Vancouver School District
2901 Falk Rd
Vancouver, WA 98661
The Vancouver School District educates more than 22,000 children in the western half of the city of Vancouver and a large chunk of unincorporated Clark County. The district has several magnet schools, including the Vancouver School of Arts & Academics, which boasts a 99% graduation rate.
Washougal School District
4855 Evergreen Way
Washougal, WA 98671
Washougal’s school district boundaries encompass not just the area within city limits, but also a sizeable portion of the rural Columbia Gorge eastward into Skamania County. The district has three elementary schools, two middle schools, and two high schools (including an alternative high school).
Private and Parochial Schools
The Portland area is home to many excellent private and parochial schools. The following are some of the better known (but by no means the only) private schools in the region.
- Catlin Gabel School (P–12), 8825 SW Barnes Rd, 503-297-1894, catlin.edu
- Central Catholic High School (9–12), 2401 SE Stark St, 503-235-3138, centralcatholichigh.org
- French American International School (P–8), 8500 NW Johnson St, 503-292-7776, faispdx.org
- German American School of Portland (P–5), 3900 SW Murray Blvd, Beaverton, 503-626-9089, gspdx.org
- The International School (P–5), 025 SW Sherman St, 503-226-2496, intlschool.org
- Jesuit High School (9–12), 9000 SW Beaverton-Hillsdale Hwy, 503-292-2663, jesuitportland.org
- La Salle Catholic College Preparatory (9–12), 11999 SE Fuller Rd, Milwaukie, 503-659-4155, lsprep.org
- L’Etoile French School (P-5), 68 SW Miles St, 503-715-1258, letoilefrenchschool.com
- Northwest Academy (6–12), 1130 SW Main St, 503-223-3367, nwacademy.org
- Oregon Episcopal School (P–12), 6300 SW Nicol Rd, 503-246-7771, oes.edu
- Portland Jewish Academy (P–8), 6651 SW Capitol Hwy, 503-244-0126, portlandjewishacademy.org
- Portland Waldorf School (P–12), 2300 Harrison St, Milwaukie, 503-654-2200, portlandwaldorf.org
- St. Mary’s Academy (9–12), 1615 SW 5th Ave, 503-228-8306, stmaryspdx.org
- Summa Academy (K-8), 2510 SW 1st Ave, 503-287-1785, summainstitute.org
A complete list of nonpublic schools in Oregon is available in the Oregon Department of Education’s Oregon School Directory (ode.state.or.us/pubs/directory/), and in Washington from the Washington Superintendent of Public Instruction’s Office of Private Education (k12.wa.us/PrivateEd/).
Parents who have misgivings about public schools have the right to take their children’s education into their own hands. Many parents believe that they are best qualified to design an educational program that will engage and challenge their children, responding to each child’s unique psychological and intellectual traits. Homeschooling is especially popular among strongly religious parents who object to the secular nature of public schools, and among liberal parents who object to, among other things, public schools’ increasing reliance on corporate sponsorship.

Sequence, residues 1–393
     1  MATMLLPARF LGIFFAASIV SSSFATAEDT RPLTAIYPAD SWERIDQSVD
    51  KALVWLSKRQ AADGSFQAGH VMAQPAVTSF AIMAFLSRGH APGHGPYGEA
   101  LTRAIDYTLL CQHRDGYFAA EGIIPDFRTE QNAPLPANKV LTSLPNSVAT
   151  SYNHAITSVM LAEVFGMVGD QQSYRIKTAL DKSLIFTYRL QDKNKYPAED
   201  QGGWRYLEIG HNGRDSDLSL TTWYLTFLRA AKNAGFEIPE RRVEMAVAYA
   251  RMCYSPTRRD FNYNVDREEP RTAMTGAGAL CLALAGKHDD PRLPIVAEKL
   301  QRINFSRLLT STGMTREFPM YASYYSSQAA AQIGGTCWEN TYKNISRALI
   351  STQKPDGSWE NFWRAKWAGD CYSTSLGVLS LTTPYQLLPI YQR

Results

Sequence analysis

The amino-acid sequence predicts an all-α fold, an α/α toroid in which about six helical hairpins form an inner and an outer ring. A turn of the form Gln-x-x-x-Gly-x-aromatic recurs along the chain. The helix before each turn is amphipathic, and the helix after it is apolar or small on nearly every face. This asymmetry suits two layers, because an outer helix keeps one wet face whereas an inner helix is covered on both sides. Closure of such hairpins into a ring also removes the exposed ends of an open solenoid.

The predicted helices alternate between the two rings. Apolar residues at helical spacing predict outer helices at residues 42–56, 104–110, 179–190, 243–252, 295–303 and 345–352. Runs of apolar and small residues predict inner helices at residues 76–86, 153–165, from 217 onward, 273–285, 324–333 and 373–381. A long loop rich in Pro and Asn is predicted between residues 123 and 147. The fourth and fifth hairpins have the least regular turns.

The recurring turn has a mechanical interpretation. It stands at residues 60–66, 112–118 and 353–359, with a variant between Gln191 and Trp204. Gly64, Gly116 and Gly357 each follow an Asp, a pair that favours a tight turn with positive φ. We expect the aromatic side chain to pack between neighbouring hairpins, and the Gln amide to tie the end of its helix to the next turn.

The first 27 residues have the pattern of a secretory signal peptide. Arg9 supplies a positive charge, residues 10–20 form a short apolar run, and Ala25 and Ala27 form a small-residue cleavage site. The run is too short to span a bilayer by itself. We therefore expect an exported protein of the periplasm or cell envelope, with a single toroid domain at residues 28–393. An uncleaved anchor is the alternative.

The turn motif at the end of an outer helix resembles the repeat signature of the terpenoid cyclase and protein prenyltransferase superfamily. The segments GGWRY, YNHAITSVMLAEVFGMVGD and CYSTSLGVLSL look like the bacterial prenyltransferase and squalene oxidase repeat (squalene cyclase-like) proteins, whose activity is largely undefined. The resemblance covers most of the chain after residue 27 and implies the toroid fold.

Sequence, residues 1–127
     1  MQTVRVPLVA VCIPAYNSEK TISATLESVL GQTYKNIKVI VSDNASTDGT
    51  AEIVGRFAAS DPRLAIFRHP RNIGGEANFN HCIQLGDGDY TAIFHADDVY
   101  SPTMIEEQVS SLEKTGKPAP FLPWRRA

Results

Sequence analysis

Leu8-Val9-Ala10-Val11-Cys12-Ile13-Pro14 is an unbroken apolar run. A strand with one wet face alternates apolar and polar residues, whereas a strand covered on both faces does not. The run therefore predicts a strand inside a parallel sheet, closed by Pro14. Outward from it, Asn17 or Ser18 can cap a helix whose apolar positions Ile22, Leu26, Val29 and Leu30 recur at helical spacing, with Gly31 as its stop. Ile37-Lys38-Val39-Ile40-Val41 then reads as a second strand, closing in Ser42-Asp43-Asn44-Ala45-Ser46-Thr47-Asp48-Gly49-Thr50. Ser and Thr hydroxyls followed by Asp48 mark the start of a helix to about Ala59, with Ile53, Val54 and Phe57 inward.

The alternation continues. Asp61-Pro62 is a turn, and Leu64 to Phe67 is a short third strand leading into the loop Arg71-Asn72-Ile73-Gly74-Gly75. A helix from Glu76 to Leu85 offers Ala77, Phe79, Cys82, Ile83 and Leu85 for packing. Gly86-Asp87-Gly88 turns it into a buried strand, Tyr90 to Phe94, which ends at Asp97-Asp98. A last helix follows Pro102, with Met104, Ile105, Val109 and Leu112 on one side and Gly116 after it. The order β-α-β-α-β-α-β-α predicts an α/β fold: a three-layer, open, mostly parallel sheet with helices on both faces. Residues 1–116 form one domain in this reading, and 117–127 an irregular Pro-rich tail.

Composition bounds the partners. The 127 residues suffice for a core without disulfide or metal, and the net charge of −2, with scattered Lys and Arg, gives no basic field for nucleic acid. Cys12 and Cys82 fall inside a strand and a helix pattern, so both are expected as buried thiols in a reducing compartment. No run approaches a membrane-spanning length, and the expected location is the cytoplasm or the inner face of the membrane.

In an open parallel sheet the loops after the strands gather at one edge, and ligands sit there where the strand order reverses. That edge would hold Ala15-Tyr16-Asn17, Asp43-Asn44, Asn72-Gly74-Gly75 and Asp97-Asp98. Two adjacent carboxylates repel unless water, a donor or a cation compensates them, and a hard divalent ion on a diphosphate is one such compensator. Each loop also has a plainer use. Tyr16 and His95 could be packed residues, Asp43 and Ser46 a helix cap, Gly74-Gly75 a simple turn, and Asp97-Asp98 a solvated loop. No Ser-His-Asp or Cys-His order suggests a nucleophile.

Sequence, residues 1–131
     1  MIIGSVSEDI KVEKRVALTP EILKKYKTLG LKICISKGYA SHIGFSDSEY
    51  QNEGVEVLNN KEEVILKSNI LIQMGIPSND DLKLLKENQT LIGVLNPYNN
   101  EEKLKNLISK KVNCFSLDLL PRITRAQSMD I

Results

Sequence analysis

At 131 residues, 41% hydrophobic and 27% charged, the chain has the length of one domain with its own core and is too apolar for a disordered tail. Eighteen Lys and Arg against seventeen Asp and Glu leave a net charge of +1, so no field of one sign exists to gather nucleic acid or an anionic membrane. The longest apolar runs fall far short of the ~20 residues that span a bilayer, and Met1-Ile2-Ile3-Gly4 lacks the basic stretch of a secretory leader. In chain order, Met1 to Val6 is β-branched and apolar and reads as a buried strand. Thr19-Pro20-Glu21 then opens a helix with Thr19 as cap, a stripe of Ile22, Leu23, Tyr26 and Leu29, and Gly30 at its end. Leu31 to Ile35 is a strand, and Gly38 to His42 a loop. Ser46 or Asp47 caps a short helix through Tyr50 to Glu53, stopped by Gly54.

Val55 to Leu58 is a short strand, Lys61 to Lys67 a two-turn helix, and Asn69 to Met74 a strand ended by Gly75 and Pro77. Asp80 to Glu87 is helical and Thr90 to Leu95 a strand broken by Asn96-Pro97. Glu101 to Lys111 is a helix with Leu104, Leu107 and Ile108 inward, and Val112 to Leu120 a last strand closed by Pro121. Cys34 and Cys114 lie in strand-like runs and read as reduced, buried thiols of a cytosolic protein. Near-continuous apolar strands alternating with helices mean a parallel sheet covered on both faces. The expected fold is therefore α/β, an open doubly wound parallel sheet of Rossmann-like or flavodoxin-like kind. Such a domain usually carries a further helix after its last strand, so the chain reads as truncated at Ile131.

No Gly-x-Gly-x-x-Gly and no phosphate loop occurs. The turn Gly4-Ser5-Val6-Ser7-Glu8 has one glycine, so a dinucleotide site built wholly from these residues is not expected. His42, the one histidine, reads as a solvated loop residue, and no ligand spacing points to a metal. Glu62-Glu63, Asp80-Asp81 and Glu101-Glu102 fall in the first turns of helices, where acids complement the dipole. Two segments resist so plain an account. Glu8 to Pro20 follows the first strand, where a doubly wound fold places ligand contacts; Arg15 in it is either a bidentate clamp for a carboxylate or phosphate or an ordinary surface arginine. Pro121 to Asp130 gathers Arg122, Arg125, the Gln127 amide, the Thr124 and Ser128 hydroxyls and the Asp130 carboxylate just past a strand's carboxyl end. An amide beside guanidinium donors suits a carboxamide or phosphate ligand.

Teaching is not easy—you will need a lot of time and energy to plan and execute a study program that will enable your children to earn a high school diploma at home—but there are plenty of organizations and resources to help you. The Oregon Home Education Network (503-321-5166, ohen.org) and the Washington Homeschool Organization (425-251-0439, washhomeschool.org) are good places to start.
Many school districts in Oregon, including Portland, offer public charter schools—schools run autonomously, but with the (sometimes grudging) approval or sponsorship of the local school board. At press time, there were over 120 charter schools statewide. Unlike most public schools, charter schools, which are bound by their own charter agreements, are free from some traditional school regulations. For more information about charter schools in Oregon, including a current list of charter schools, visit the Oregon Department of Education charter school page at ode.state.or.us/go/charterschools/, or contact the League of Oregon Charter Schools (503-838-3636, oregonleaguecharters.org), the state’s charter schools association.
Washington voters approved a charter school initiative in 2012. The state is currently in the early years of implementing the law, and at press time only a handful of charter schools had opened, none of which are located in Southwest Washington. Up-to-date information is available from the Washington Charter Schools Association (wacharters.org).